“Things are pretty dull around here,” I told a friend of mine the other day.
“What makes you say that?” he asked.
“Well, for starters, you and I have just spent the better part of the last hour searching the Internet for the topics ‘rabbit hunting’ and ‘bass fishing.'”
“Oh yeah,” my friend said. “But we found lots of sites, didn’t we?”
“We’d probably have found more if we’d dropped the ‘g’ from ‘-ing,'” I said.
Yes, folks, it’s that deadly dull time of the year when we’re relegated to a darkened study, plopped down in front of a computer monitor listening to a DJ on an Australian radio station broadcasting on the Internet and bemoaning the last days of summer.
The Sports Illustrated swimsuit issue has come and gone, and daily I arrive at work to find women’s swimwear catalogs stacked on my desk. The catalogs are courtesy of the companies that send freebies to our offices and the folks in the Mississippi Living department who forward them to me because of my ongoing research into how 4 square inches of fabric could possibly sell for $60.
They’re also a reminder that Spring Break can’t be far away.
Spring Break is that time of year built into our circadian rhythms that require us, after approximately four months of dismal weather, to shed our long underwear in favor of T-shirts that say, “Lobotomies for Republicans: It’s the Law!,” cram as many women wearing 4 square inches or less of fabric into a sport utility vehicle bearing the bumper sticker, “Honk if you know where I’m going,” and proceed to head in a generally southerly direction, fueled mainly by barley malt and the need to reach the next public restroom.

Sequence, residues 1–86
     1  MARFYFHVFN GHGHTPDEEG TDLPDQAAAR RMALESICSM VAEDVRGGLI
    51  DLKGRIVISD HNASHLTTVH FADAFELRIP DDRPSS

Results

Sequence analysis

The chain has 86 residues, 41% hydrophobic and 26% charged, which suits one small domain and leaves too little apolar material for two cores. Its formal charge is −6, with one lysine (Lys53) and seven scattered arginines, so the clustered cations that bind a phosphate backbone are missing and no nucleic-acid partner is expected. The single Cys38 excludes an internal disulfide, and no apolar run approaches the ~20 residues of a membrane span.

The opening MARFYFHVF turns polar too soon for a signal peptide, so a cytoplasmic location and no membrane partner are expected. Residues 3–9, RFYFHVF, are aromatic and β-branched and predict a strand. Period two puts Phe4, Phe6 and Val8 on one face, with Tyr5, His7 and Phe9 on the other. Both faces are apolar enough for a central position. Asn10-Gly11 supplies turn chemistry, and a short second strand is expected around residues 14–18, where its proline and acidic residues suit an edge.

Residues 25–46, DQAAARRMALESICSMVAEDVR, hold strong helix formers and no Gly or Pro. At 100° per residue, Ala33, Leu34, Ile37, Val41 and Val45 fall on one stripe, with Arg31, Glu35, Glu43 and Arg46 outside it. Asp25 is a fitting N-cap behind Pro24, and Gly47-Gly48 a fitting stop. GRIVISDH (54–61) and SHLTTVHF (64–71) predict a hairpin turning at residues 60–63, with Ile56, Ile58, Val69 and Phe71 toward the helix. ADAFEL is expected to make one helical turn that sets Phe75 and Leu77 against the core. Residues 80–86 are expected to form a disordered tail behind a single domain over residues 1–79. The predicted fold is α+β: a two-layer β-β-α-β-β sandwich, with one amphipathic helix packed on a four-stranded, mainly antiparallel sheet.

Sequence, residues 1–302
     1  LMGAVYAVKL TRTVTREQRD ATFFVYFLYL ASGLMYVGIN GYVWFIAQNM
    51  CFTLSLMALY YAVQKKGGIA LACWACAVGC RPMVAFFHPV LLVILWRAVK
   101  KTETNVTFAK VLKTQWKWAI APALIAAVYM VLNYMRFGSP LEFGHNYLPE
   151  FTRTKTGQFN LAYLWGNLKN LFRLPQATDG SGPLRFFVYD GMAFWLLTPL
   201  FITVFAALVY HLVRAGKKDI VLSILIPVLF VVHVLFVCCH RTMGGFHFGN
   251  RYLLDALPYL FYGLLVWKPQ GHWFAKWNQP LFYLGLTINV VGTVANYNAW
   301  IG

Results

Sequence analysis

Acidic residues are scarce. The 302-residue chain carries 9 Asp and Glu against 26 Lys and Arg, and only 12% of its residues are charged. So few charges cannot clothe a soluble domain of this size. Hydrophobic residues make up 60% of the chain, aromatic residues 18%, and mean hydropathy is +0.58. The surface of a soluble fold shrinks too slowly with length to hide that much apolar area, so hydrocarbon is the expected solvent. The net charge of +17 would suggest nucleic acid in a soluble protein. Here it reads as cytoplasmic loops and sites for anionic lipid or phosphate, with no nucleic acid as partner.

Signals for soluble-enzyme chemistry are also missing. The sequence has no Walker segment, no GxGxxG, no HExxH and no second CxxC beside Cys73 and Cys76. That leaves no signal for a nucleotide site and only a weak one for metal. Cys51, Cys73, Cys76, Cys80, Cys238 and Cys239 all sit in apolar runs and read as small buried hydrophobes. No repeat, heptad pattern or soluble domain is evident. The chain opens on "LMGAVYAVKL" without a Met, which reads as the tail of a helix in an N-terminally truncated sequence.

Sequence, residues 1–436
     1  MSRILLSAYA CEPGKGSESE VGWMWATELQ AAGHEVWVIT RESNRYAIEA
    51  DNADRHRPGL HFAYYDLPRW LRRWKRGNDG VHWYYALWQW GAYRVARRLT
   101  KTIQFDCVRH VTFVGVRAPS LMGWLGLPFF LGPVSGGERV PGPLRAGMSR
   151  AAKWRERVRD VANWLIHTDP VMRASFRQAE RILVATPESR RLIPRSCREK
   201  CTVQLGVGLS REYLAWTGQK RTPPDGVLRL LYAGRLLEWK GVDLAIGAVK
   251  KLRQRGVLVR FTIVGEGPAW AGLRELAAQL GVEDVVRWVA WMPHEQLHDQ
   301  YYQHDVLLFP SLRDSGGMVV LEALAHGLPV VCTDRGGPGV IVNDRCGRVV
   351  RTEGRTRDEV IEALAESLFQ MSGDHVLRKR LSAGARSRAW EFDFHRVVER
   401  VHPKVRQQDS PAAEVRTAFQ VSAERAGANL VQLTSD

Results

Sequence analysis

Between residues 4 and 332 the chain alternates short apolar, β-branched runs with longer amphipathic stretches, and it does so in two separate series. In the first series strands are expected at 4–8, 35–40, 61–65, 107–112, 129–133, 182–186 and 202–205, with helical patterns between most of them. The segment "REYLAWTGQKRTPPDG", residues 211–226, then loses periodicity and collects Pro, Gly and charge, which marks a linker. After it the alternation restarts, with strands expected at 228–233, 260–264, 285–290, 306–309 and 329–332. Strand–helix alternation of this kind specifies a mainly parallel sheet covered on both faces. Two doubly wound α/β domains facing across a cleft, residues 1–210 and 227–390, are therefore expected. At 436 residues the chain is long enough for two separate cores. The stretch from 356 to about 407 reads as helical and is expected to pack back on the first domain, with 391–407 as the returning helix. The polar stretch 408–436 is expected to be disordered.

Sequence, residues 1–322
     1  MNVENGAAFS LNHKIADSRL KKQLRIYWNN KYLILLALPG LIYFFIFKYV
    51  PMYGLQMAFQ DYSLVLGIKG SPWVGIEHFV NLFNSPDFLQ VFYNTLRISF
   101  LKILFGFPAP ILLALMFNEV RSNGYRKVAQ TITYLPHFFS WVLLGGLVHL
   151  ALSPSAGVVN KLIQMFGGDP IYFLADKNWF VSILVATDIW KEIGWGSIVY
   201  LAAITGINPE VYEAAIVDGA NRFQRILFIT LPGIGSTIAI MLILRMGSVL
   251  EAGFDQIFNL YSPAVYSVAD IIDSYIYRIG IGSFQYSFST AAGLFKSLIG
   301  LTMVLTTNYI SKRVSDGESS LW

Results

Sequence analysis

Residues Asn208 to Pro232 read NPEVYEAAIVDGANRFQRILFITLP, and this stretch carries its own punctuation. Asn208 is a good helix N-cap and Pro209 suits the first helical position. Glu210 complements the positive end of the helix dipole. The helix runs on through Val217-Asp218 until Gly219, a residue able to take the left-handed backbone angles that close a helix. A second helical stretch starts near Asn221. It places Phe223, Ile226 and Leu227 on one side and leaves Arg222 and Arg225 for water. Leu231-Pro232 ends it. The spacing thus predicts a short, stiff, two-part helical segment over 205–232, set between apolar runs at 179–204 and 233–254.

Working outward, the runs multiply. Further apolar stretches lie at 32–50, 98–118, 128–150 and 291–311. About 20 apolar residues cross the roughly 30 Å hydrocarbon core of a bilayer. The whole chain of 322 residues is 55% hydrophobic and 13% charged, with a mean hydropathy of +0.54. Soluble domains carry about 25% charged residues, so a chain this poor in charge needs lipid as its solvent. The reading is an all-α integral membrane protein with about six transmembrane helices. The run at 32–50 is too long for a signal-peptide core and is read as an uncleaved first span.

In fact, I’m thinking about taking some time off and setting up a booth on a beach somewhere and selling T-shirts that read, “Spring Break ’96: The Public Restroom Tour.”
Now don’t get me wrong. I’m not advocating widespread debauchery and mayhem. A lot of students these days spend their Spring Breaks building homes for Habitat for Humanity or serving as volunteers working with disadvantaged youth in the inner cities. That’s great. And, besides, there’s always time for a little localized debauchery and mayhem afterward.
I, personally, never made it to Jacksonville or St. Pete or any of the other infamous Spring Break spots while I was in school. I led a very depraved, er, deprived childhood. The closest I ever got to a wet T-shirt contest was when it rained on the laundry hanging outside on the line.
But I’ve been making up for lost time as an adult. Last year it was a road trip in March to help a friend in Texas celebrate his 40th birthday. This year, who knows. Maybe I’ll live dangerously and head down to Florida for the first time and take in some topless bungee jumping, which is kind of redundant considering you’d pretty much have to have nothing up top anyway to strap a rubber band to your feet and dive off a tower.
Then again, I may just sit in my darkened study and listen to the Aussies cry about the coming winter.
For us, at least, spring will arrive March 20. That’s enough of a break for now.
Marty Russell is senior reporter for the Daily Journal.